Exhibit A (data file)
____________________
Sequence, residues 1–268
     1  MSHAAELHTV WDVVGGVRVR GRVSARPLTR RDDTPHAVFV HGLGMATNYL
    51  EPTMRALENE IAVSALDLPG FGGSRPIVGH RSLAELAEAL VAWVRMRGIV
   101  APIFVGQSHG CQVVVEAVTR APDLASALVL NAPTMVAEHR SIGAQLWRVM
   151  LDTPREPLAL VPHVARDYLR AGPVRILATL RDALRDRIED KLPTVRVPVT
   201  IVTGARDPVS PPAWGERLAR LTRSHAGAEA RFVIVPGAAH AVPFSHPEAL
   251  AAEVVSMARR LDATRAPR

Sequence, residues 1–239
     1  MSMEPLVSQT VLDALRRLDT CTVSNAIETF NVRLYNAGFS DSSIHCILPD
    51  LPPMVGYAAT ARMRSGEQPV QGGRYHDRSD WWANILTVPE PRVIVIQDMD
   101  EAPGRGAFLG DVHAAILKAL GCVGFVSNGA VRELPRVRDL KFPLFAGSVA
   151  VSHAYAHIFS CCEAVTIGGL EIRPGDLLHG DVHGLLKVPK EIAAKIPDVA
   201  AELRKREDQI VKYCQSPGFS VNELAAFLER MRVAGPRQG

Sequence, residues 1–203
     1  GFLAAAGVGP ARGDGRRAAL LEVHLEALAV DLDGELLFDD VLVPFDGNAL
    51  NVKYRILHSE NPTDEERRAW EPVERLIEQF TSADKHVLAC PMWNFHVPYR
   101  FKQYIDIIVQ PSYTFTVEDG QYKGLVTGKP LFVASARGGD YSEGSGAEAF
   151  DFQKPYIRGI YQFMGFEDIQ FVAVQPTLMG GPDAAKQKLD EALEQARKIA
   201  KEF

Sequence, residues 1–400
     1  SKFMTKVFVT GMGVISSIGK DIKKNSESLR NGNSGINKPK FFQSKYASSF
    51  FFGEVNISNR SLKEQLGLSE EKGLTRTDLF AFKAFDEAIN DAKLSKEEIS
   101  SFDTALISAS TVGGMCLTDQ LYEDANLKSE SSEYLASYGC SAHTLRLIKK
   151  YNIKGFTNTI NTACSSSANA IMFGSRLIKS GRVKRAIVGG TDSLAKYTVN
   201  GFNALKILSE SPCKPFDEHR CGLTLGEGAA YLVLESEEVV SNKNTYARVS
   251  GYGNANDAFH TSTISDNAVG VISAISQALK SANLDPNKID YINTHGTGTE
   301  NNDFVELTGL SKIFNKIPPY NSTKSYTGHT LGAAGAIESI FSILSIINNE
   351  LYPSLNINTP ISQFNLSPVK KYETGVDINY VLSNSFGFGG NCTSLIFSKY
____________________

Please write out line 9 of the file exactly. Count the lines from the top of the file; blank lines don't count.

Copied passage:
     1  MSMEPLVSQT VLDALRRLDT CTVSNAIETF NVRLYNAGFS DSSIHCILPD